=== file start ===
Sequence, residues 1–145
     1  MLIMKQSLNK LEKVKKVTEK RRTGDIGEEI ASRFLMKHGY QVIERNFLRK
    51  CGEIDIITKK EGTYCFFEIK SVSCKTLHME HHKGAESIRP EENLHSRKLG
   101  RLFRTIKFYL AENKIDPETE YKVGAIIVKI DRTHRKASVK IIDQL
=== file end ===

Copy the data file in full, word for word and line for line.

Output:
Sequence, residues 1–145
     1  MLIMKQSLNK LEKVKKVTEK RRTGDIGEEI ASRFLMKHGY QVIERNFLRK
    51  CGEIDIITKK EGTYCFFEIK SVSCKTLHME HHKGAESIRP EENLHSRKLG
   101  RLFRTIKFYL AENKIDPETE YKVGAIIVKI DRTHRKASVK IIDQL